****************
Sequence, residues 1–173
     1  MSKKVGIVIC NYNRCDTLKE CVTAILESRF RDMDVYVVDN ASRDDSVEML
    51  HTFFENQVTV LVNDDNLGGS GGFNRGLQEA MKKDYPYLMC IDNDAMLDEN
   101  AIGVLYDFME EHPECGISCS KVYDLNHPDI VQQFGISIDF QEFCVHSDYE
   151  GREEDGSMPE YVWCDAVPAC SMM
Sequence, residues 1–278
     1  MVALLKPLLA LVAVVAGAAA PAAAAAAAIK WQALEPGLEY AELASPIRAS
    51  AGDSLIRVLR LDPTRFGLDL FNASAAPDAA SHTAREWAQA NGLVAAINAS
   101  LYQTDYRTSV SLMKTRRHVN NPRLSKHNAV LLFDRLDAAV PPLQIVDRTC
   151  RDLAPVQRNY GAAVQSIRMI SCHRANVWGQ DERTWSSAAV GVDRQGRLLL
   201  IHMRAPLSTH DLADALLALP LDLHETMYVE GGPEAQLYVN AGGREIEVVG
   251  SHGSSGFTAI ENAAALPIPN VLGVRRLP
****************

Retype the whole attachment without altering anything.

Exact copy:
Sequence, residues 1–173
     1  MSKKVGIVIC NYNRCDTLKE CVTAILESRF RDMDVYVVDN ASRDDSVEML
    51  HTFFENQVTV LVNDDNLGGS GGFNRGLQEA MKKDYPYLMC IDNDAMLDEN
   101  AIGVLYDFME EHPECGISCS KVYDLNHPDI VQQFGISIDF QEFCVHSDYE
   151  GREEDGSMPE YVWCDAVPAC SMM
Sequence, residues 1–278
     1  MVALLKPLLA LVAVVAGAAA PAAAAAAAIK WQALEPGLEY AELASPIRAS
    51  AGDSLIRVLR LDPTRFGLDL FNASAAPDAA SHTAREWAQA NGLVAAINAS
   101  LYQTDYRTSV SLMKTRRHVN NPRLSKHNAV LLFDRLDAAV PPLQIVDRTC
   151  RDLAPVQRNY GAAVQSIRMI SCHRANVWGQ DERTWSSAAV GVDRQGRLLL
   201  IHMRAPLSTH DLADALLALP LDLHETMYVE GGPEAQLYVN AGGREIEVVG
   251  SHGSSGFTAI ENAAALPIPN VLGVRRLP